National Green Tribunal (NGT) has constituted three-members committee to identify the violators in connection with the alleged illegal cutting down of 6,000 trees in Corbett Tiger Reserve in Kalagarh Tiger Reserve Division in Uttrakhand.
A bench of NGT headed by Justice Adarsh Kumar Goel, after going through the report filed by the Forest Survey of India (FSI) noted that the illegality in cutting down of trees is clearly acknowledged. Thus, accountability for such violations needs to be fixed and damage to the environment restored, following due process of law, said the bench.
The bench in an order passed on October 21, 2022, stated that they constitute a three-Member Committee comprising the Director General (DG) of the Forest Department, DG Wildlife Department and the DG of Project Tiger to identify the violators and the steps required for restoration of the environment. Its report with specific recommendations may be furnished to the Secretary of the Ministry of Environment, Forest and Climate Change (MoEF&CC) within one month and the steps for further course of action in the matter will be finalised within the next one month. Till then the Project (which project) may not be allowed to proceed, order NGT.
The matter has been taken up suo motu by the Tribunal in the light of the media report to the effect that 6,000 trees have been illegally cut in Corbett Tiger Reserve in Kalagarh Tiger Reserve Division in Uttrakhand. It is further stated that the Forest Survey of India (FSI) was asked to assess the status of these illegally felled trees.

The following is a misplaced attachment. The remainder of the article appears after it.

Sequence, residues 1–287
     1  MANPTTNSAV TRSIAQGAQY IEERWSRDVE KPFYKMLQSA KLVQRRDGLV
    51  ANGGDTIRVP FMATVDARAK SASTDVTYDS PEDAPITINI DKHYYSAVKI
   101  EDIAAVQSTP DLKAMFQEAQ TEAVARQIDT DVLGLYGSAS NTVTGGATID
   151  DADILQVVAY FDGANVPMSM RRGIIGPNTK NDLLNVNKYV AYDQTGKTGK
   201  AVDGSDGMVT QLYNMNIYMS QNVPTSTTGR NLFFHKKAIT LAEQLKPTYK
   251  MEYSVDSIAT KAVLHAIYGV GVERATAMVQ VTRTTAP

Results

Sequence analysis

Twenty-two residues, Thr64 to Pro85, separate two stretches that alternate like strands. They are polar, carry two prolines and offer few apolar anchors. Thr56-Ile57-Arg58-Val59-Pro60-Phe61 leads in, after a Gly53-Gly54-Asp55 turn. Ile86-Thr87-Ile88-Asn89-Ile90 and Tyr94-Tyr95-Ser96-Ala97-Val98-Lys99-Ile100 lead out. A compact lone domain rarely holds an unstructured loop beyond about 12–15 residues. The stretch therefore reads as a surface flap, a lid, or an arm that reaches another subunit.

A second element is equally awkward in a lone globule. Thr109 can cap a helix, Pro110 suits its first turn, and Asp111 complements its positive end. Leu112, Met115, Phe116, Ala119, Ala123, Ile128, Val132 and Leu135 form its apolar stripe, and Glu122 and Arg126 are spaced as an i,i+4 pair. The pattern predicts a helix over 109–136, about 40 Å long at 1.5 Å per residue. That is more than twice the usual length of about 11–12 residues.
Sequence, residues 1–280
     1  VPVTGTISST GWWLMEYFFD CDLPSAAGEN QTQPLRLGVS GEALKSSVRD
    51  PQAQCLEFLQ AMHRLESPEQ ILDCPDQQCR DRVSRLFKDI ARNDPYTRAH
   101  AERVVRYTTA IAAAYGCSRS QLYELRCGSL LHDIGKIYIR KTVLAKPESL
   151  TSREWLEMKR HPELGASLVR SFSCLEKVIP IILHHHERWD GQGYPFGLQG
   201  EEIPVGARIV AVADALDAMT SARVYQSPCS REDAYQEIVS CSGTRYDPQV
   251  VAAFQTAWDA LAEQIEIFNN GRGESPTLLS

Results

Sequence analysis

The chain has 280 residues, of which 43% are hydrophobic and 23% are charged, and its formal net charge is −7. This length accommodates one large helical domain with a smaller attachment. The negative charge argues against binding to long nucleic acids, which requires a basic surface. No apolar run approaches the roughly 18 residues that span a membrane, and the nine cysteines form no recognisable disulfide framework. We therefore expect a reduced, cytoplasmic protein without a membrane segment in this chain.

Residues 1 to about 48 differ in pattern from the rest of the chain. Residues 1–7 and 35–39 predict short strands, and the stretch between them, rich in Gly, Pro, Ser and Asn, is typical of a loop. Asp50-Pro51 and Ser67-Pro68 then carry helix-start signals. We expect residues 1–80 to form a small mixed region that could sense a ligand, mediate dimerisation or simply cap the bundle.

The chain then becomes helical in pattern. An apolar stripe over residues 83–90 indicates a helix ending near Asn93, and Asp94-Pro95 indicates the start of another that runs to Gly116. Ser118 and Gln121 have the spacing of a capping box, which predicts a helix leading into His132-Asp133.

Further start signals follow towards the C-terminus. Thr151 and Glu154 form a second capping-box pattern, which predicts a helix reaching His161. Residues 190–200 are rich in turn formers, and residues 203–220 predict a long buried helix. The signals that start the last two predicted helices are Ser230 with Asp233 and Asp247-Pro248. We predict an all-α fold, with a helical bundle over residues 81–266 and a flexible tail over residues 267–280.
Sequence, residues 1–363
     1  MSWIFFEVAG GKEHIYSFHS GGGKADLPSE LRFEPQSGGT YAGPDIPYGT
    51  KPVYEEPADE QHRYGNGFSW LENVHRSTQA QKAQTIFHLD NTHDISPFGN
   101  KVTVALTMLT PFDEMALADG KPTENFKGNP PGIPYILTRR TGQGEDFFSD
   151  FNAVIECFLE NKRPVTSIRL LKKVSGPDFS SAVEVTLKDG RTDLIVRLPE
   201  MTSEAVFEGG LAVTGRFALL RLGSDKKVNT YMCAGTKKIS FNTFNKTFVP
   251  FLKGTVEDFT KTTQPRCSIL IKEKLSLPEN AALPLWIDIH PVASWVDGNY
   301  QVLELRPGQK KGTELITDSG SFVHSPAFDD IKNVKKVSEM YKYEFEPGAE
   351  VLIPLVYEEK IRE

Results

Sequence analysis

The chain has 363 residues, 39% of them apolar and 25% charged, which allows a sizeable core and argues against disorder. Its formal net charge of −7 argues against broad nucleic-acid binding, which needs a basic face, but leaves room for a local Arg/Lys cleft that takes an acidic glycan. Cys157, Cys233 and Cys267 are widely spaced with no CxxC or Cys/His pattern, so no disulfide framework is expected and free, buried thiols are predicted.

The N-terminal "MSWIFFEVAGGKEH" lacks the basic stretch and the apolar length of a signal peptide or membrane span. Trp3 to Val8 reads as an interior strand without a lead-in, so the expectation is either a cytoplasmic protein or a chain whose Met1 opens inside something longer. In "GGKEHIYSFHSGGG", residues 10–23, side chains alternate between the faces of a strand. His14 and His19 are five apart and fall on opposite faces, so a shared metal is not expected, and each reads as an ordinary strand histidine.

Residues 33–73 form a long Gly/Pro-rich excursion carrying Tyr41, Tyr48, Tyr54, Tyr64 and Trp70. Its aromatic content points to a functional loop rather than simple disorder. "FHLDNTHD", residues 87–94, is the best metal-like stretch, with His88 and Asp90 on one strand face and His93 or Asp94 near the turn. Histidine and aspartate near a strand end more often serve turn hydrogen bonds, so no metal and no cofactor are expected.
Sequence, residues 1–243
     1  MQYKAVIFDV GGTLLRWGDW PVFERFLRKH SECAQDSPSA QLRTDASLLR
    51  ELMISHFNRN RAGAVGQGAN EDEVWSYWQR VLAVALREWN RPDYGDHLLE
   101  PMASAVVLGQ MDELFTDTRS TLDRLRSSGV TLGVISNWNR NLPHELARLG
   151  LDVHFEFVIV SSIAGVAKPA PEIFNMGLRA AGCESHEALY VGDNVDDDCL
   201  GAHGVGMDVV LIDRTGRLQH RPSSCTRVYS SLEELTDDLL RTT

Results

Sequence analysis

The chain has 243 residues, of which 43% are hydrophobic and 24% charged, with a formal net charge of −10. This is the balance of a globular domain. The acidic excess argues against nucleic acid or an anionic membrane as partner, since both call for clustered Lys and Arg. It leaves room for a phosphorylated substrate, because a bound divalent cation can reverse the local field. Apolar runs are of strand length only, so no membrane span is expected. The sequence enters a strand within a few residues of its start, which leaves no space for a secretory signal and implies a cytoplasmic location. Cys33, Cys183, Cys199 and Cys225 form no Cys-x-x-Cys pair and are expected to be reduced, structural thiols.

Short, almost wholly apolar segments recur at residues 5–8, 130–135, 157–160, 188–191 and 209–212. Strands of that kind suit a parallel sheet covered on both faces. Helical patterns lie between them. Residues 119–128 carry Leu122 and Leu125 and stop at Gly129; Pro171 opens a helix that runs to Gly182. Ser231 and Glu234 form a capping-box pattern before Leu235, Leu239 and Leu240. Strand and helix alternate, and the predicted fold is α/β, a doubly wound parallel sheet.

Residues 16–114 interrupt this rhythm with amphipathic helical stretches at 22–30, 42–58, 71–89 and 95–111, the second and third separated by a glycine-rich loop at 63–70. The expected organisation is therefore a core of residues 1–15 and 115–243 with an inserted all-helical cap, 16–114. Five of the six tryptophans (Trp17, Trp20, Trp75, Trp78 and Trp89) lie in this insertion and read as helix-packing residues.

The Tribunal noted the FSI report which stated that the area of clear felling at different sites had been calculated using the GPS survey, done by the GIS team of FSI and the Google Earth imagery.
The number of trees observed per hectare from all the inventory plots when multiplied by the area figures of a particular site gives the number of estimated trees fallen at that particular site. By adding the estimated trees at different sites, the total estimated number of trees felled arrives in the study area. The standard error of estimates has come out to be 10.31 trees, which is within the acceptable limit, the report said.
The standard error percentage has been calculated as 2.72 per cent, which is quite low and acceptable. The standard error has been used for the calculation of 95 per cent confidence limit for the estimated number of trees felled, the FSI report stated in its site-wise area of clear felling and estimated number of trees felled.
(With inputs from ANI)